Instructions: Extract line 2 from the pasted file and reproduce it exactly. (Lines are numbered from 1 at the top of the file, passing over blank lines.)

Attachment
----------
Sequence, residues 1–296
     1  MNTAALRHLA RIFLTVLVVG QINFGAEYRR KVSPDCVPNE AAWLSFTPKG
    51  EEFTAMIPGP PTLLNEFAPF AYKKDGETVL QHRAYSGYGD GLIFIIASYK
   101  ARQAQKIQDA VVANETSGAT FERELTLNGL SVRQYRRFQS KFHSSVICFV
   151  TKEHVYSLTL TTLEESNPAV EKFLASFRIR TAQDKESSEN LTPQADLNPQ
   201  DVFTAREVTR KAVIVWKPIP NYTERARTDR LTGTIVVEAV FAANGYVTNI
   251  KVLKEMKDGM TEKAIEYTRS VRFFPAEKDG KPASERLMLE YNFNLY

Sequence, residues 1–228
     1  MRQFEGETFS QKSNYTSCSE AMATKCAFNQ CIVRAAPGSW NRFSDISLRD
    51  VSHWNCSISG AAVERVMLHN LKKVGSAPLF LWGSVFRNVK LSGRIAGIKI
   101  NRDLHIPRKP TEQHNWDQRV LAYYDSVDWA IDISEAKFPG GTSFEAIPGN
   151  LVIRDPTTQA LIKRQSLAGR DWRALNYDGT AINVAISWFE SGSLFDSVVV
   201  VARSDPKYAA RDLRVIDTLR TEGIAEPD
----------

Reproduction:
     1  MNTAALRHLA RIFLTVLVVG QINFGAEYRR KVSPDCVPNE AAWLSFTPKG